It has had its bumps and its ups and downs, but Star Trek: Discovery has come bolting out of the gate with the start of its third season, leveraging its fascinating premise with stark, simple ideas that Star Trek has held since its very beginning. In the process, it’s finally undoing some of the things that have always disappointed me about the show a bit.
Today the Star Trek website posted a brief scene from “Far From Home”, last week’s second episode in this latest run. It’s from early in the episode, when, having crash-landed on a strange planet that was not their intended point of arrival in the 32nd century, Saru and Tilly venture out to face the future they must now spend the rest of their lives in.
It’s a palpably tense, yet awe-inspiring moment. You feel the trepidation and excitement Saru and Tilly have (especially the latter), and the fear as well — they’re about to meet a civilisation so far removed from their own time, so completely and utterly alien to their farthest comprehension. But they are still scientists and explorers. They want to understand this new world, but they’re not yet sure if they have a place in it. That’s all very Star Trek.
But what’s also very Star Trek about it is the humanity: Tilly talking too much because she’s as scared as she is enchanted by this new world they’re in. Saru, coming into his own as a leader, understanding both Tilly’s awe and her nerves, and comforting her in both. It’s a small moment, but there’s this incredible push and pull: they’re geeking out because they’re Starfleet nerds confronted with the unknown, but they’re also just…people.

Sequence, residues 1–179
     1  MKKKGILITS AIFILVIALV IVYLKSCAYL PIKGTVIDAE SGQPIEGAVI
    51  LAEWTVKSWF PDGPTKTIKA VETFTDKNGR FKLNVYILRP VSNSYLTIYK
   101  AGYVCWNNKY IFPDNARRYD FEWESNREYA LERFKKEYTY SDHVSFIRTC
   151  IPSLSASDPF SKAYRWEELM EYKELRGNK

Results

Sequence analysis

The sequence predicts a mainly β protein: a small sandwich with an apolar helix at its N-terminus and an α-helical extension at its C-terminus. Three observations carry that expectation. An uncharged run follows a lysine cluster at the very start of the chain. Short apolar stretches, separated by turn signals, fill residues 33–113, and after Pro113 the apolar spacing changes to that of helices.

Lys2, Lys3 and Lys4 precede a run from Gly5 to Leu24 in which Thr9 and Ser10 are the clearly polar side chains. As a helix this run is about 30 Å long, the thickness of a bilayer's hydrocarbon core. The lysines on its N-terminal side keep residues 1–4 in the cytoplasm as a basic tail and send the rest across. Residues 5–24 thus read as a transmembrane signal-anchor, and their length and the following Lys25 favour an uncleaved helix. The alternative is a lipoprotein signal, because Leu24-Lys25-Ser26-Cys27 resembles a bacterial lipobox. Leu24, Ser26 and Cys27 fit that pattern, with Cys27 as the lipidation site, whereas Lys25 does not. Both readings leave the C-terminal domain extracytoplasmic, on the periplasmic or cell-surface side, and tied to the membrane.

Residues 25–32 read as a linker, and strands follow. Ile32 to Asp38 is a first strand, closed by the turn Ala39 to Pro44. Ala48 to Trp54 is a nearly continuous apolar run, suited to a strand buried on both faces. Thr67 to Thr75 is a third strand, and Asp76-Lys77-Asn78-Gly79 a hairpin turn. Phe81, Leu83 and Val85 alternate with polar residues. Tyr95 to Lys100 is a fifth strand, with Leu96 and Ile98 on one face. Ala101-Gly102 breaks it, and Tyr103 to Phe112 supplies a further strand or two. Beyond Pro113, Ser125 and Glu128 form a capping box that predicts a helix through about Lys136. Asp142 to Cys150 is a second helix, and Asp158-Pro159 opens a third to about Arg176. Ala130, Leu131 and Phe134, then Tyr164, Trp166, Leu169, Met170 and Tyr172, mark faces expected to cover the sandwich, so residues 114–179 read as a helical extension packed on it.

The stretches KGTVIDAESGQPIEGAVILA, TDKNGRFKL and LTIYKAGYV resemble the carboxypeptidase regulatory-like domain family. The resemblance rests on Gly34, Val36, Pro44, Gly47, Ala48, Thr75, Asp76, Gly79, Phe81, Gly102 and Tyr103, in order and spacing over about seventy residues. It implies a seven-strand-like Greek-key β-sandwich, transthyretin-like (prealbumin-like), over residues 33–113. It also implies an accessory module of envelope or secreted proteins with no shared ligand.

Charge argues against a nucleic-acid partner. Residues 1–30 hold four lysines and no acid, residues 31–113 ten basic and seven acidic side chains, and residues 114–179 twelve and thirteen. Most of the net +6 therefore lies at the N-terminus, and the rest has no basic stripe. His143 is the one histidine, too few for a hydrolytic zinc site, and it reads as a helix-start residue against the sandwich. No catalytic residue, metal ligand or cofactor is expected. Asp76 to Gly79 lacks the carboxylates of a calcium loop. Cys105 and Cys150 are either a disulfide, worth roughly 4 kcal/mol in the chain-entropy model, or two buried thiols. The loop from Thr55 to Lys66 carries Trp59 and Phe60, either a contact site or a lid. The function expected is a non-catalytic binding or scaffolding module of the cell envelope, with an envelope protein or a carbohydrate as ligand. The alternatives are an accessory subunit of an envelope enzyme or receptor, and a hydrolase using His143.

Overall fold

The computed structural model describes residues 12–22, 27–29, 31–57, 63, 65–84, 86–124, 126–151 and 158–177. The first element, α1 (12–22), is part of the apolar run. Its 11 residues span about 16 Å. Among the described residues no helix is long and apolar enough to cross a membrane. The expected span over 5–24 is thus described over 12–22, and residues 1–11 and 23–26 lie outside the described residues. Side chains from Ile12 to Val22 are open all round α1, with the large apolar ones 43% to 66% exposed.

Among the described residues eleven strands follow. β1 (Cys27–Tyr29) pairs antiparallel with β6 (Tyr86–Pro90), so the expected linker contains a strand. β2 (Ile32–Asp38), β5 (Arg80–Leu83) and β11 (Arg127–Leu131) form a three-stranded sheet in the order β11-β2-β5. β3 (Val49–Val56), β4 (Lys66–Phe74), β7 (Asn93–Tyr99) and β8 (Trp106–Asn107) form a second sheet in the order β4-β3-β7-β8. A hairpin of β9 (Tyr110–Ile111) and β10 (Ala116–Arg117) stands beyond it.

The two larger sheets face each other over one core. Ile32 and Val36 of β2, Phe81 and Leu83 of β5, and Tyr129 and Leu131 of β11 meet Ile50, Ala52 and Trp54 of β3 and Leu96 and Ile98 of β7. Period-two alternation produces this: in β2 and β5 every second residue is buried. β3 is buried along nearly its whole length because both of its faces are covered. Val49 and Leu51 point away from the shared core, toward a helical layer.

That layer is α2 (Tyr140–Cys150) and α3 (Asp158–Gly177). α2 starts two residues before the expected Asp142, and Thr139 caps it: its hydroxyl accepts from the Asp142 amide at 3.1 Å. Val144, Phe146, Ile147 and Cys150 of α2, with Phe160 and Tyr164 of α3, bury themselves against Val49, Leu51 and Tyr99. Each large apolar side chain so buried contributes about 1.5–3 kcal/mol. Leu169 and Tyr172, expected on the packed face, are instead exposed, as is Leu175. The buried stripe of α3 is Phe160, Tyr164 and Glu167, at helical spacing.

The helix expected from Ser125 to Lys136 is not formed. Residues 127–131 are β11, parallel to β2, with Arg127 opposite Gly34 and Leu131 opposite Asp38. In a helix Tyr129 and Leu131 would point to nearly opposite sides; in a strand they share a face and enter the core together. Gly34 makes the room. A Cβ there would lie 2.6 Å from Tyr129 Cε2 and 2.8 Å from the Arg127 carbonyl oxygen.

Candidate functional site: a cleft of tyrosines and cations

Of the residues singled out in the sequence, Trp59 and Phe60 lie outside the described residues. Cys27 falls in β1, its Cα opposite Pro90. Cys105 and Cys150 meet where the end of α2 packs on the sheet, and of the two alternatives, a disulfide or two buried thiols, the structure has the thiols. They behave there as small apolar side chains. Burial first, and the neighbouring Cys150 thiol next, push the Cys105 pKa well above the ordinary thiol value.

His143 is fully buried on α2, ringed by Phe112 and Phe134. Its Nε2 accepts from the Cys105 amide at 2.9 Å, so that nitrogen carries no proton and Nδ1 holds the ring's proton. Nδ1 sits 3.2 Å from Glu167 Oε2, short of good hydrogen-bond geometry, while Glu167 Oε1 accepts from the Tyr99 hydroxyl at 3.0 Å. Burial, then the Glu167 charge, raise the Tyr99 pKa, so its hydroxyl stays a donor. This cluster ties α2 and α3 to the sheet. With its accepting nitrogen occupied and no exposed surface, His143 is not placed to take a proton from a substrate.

They’re scared that they’ve said goodbye to their friends and families and very existences, they’ve crashed onto a world they cannot understand, and are about to face a new society that might not be entirely welcoming. And in that heady sea of emotion, you just have Saru being so earnestly kind and supportive to a young woman he’s come to see as more than just a valuable asset to the Discovery, but as a friend.
There was a time when something like this too would’ve been alien for Discovery. Tilly and Saru are two of the show’s most important stars; they’re anchors to Michael Burnham, and they’ve had their own spin-off minisodes. They’re fan favourites, and for good reason. But because of the show’s focus on Michael, for a while it felt like they, and their fellow bridge officers, were merely vessels in her orbit. Like I said, at first they were important because they were there for Michael’s story to play off of, rather than really as characters themselves. We didn’t get to spend time with them outside of that context. Now, they’re finally starting to feel they’re coming into their own stories, at a time when it’s more important than ever before, because they’re all they have right now.
It took some going to get there, but now, in this brave new future, Saru and Tilly are there for each other. They’re there for themselves. They do indeed make a wonderful impression, the both of them.